Wife: Your Honor, I am not going to object to what was decided in the mediation agreement because it was a package deal; and as you say, both parties have an opinion. But my opinion is no, I do not believe it is fair. 

¶9     At that point, the court stopped the hearing and declined to confirm the arbitration award. The court then set a permanent orders hearing.

¶10     Husband thereafter moved to confirm the arbitration award under section 13-22-222(1). His motion stressed that because neither party had timely sought to vacate, modify, or correct the arbitration award, the court was required to confirm it. Wife agreed that the court should confirm all non-parenting provisions in the award; however, she objected to confirmation of any provision concerning parenting issues.

¶11     The court entered an order confirming all property and maintenance provisions of the arbitration award. However, it ordered that all parenting issues remain set for hearing.

¶12     Husband’s appeal followed.

II. Trial Court Authority

¶13     Husband contends that because he and wife resolved the dissolution through arbitration, and wife did not seek to vacate, modify, or correct the arbitration award in a timely manner, the trial court lacked authority to set a permanent orders hearing to resolve the parenting issues. While a trial court has the authority to set a permanent orders hearing to review parenting issues resolved through arbitration if the statutory prerequisites are met, we agree with husband that the trial court exceeded that authority in the circumstances presented here.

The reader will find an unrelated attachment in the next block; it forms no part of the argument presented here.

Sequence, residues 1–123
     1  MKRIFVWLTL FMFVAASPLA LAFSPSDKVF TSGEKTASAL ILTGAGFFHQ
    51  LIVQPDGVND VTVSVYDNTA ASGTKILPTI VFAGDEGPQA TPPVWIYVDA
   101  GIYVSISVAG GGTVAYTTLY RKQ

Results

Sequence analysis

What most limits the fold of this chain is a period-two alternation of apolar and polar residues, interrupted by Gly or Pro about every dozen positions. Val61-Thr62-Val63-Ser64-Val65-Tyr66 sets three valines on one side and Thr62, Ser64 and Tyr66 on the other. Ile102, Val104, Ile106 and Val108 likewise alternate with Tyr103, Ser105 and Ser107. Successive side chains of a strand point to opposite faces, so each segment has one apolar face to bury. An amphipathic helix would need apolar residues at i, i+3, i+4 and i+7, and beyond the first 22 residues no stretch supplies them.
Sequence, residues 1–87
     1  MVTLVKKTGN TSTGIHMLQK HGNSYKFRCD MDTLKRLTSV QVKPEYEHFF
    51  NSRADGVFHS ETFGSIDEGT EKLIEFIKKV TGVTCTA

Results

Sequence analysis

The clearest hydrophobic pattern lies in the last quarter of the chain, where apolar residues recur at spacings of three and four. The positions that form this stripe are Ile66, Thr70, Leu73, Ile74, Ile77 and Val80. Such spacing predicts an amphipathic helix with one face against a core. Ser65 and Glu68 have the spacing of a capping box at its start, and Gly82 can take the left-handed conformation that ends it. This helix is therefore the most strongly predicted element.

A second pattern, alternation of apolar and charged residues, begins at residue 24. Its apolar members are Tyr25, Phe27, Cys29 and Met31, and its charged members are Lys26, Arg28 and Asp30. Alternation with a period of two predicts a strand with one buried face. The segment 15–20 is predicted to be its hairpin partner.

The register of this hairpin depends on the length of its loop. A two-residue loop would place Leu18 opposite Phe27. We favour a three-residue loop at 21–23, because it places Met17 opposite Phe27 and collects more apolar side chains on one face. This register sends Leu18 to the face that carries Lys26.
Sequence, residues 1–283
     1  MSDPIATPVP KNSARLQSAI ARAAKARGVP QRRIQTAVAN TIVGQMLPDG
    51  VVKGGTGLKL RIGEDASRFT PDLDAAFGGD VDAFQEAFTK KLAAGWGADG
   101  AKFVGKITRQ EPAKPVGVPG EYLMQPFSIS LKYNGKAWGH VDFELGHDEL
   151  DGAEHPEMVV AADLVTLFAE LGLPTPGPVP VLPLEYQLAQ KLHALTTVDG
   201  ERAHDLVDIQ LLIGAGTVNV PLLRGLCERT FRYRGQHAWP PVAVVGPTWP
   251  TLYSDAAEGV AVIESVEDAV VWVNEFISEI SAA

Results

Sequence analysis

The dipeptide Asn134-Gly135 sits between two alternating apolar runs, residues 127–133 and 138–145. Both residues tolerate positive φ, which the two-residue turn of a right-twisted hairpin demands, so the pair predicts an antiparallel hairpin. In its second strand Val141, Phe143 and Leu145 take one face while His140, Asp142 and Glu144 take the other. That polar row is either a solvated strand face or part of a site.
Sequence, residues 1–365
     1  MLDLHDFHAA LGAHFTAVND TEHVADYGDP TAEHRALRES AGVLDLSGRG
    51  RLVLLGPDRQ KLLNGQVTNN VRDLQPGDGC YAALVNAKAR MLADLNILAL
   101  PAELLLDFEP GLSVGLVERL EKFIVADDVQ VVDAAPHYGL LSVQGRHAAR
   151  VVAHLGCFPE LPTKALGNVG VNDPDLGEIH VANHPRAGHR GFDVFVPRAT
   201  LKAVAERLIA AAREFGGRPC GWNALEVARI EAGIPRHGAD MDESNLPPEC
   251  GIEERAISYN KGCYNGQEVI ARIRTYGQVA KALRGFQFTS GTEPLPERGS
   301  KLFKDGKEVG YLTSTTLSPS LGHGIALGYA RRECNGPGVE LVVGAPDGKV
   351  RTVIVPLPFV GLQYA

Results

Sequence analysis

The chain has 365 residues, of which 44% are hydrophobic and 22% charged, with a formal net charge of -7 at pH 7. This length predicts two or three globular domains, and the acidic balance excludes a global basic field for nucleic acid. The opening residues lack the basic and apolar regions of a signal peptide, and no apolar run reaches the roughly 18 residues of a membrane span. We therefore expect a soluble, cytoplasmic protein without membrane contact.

¶14     Courts are charged with the duty of protecting the best interests of children in dissolution proceedings. See §§ 14-10- 102(2)(b), 14-10-104.5, 14-10-123.4, 14-10-124, C.R.S. 2012; see also Miller v. Miller, 129 Colo. 462, 466, 271 P.2d 411, 413 (1954) (a principal issue for the court is the welfare of the children); Stillman v. State, 87 P.3d 200, 201 (Colo. App. 2003) (the state has a public interest in mitigating the potential harm to children caused by the dissolution of marriage); In re Marriage of Dureno, 854 P.2d 1352, 1357 (Colo. App. 1992) (children have the “right” to have custody determinations based on their welfare and best interests). And, in dissolution of marriage cases, the Uniform Dissolution of Marriage Act, sections 14-10-101 to -133, C.R.S. 2012 (UDMA), takes precedence over other laws, including those applicable to alternative dispute resolution.3In re Marriage of Barker, 251 P.3d 591, 592 (Colo. App. 2010). Thus, provisions of an arbitration award pertaining to parenting issues are subject to the supervisory power of the trial court. See id.